The original DT 1770 Pro is a closed-back 250-ohm headphone that was designed for professional use. However, like most Beyerdynamic products, they were tuned so well that they were loved by music enthusiasts and gamers alike. Its bass response was highly-regarded as the best in its premium price range.
Now, Drop has once again significantly reduced the price. But this time, they have also lowered the impedance down to just 30-ohms. If you are unfamiliar with impedance, we have greatly covered this in our headphone impedance guide. The gist of it is that lowering the impedance of the headphone is synonymous with lowering the power requirements.
The Drop 177X Go can now be powered by virtually any device, from smartphones to laptops. It can be used with amplifiers and DAC/Amps, but it already sounds great without any additional gear. Also, unlike with the DT 770 Pro’s lower impedance version, this headphone does not sound like a lower-end or downsized version of the DT 1770 Pro.
Drop has managed to capture the magic and the sound signature of the original DT 1770 Pro. Despite changing the impedance, there is no loss in sound quality. With its excellent tuning and imaging and soundstage, the DT 177X Go is a very versatile closed-back headphone that can virtually do anything.
For portable users or for anyone who is a fan of bass, this is the perfect headphone for you.
For those looking for the most accurate sound for productions, this may not be for you. The closed-back design naturally presents problems in terms of accuracy.
Massdrop X Sennheiser PC37X
Sennheiser’s early attempts at making gaming headphones resulted in models such as the Game One and Game Zero. While these were not very creative designs since they were just rebranded Sennheiser’s studio headphones (specifically the HD 598) with an added microphone.
These were, however, undeniably the best performing gaming headset available at the time. The price was not exactly affordable, but it reflected the superior quality that it had over typical gaming headsets. Sennheiser has then created the GSP series as their dedicated gaming series, which had different price points.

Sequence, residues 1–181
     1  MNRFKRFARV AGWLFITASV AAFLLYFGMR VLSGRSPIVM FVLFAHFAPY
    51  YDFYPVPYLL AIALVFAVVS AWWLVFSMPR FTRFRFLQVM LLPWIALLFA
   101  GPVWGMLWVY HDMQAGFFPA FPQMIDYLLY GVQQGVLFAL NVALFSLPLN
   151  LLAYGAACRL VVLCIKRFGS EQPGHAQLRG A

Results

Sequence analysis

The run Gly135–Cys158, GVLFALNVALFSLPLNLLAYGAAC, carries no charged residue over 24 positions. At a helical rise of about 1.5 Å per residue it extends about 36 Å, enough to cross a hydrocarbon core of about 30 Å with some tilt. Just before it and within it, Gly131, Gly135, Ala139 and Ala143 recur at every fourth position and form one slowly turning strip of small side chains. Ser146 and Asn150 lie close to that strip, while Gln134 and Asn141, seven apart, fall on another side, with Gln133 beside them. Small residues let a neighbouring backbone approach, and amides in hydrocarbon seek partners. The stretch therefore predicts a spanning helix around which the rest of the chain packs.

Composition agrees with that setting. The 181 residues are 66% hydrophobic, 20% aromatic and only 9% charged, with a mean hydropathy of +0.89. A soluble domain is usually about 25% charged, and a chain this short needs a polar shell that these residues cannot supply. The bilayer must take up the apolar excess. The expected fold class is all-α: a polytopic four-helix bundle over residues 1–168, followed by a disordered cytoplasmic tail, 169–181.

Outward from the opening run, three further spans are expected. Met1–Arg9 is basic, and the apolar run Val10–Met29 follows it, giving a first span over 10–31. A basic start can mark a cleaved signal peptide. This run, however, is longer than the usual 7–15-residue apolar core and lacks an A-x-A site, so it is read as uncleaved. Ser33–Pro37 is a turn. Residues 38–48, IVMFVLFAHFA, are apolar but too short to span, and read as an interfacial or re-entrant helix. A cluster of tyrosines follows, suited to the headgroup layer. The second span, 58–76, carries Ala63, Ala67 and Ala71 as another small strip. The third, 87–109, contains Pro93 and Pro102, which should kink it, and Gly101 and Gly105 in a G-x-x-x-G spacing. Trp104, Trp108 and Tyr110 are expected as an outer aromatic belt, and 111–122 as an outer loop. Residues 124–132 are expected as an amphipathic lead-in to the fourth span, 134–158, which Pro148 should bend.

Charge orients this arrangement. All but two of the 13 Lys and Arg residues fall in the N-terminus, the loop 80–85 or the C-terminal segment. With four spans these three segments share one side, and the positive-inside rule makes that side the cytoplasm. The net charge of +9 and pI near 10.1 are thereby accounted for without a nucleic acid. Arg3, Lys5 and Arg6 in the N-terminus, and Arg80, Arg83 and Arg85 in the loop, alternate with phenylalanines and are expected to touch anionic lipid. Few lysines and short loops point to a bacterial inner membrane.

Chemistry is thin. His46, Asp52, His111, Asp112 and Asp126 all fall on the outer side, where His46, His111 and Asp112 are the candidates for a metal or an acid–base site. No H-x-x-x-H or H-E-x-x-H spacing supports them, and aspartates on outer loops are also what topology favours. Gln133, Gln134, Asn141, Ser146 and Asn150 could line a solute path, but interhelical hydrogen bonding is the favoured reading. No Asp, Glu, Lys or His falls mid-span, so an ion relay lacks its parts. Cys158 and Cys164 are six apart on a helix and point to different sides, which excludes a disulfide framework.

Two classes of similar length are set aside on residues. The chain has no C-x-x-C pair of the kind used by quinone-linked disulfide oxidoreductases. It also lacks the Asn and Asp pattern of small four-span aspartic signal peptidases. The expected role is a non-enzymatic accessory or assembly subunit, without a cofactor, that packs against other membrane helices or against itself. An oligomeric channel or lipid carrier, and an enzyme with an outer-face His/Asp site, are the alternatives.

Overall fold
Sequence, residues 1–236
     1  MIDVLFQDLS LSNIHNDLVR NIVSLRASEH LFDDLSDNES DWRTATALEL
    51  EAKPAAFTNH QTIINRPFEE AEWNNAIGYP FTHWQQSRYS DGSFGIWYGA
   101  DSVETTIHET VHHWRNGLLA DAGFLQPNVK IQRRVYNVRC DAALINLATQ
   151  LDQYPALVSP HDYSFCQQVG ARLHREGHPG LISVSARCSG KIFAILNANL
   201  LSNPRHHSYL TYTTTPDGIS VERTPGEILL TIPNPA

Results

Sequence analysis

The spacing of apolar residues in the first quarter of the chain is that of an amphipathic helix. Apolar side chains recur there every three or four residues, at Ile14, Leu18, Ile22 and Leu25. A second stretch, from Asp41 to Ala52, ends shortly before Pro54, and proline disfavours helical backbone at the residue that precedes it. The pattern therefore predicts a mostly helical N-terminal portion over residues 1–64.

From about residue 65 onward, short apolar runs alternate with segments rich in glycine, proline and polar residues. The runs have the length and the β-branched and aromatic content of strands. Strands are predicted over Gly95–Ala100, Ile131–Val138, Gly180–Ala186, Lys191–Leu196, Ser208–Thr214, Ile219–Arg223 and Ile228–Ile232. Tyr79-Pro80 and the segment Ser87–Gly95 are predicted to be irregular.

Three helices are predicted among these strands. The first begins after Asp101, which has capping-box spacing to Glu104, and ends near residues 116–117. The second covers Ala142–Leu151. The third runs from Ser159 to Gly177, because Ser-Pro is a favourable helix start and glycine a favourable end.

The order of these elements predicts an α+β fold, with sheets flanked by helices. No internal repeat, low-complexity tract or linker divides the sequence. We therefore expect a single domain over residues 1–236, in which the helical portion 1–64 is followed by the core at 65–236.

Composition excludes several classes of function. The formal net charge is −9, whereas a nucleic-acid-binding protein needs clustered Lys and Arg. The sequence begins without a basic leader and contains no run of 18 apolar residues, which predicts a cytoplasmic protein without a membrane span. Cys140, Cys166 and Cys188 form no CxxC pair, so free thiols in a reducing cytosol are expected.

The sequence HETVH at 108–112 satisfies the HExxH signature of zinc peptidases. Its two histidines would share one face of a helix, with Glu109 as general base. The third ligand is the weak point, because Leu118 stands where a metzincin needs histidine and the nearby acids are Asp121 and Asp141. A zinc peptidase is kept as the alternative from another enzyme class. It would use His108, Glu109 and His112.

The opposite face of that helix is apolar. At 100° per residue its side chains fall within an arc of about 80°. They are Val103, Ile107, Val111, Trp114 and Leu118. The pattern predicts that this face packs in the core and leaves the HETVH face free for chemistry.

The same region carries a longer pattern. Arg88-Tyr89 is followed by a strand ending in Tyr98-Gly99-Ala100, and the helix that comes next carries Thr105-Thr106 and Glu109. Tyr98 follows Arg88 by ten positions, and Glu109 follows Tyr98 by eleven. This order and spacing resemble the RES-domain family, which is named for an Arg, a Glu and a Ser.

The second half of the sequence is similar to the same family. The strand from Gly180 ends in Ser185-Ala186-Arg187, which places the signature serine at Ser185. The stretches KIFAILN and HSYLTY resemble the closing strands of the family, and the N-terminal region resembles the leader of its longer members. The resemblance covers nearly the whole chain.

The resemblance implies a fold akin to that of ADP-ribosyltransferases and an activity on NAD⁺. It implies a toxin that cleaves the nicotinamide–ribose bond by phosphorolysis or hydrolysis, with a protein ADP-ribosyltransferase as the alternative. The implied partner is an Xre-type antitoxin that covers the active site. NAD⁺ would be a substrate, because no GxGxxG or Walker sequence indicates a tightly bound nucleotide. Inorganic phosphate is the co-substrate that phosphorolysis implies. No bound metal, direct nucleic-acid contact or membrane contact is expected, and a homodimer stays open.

Despite the new models, the original Game One (and the PC 373 before it) still had a massive following. That is why Drop has taken the opportunity to collaborate once again with Sennheiser to bring the Game One to a wider audience. This resulted in the birth of the PC37X.
The PC37X features an all-new black color scheme with minor Massdrop brandings. Like most Drop collaborations, the sound has remained unchanged. The imaging is superior to most gaming headsets, which makes this a great pair for competitive titles such as FPS.
The other notable feature of the PC37X is its microphone. The Game One set the standard for gaming headset microphones. The PC37X follows suit by implementing the same microphone that can be used both in in-game chat or live streaming.
For its asking price, the PC37X is very hard to beat. It has all the essential features of a gaming headset, such as excellent sound reproduction and a quality microphone. If you are a professional or a competitive gamer, then this is the gaming headset for you.
This is a headphone that is built for competitive gaming. If you need a headset for detecting footsteps and other sound queues, this is an excellent choice.
If you want a headphone for critical listening and do not need the microphone, check out the HD6XX and HD58X instead.
Drop X Dan Clark Audio Aeon Flow Open X
Dan Clark Audio initially made waves when they were able to challenge the planar magnetic industry leaders, Hifiman and Audeze. They were initially called MrSpeakers and later rebranded to Dan Clark Audio.
Like most collaborations, Drop is introducing Dan Clark Audio’s products to the mainstream market by bringing them to yet another affordable price point. This time, the product that they are introducing is the Aeon Flow Open X. This is a planar magnetic headphone that is widely considered to be an improvement of the beloved Sennheiser HD650/HD600 series.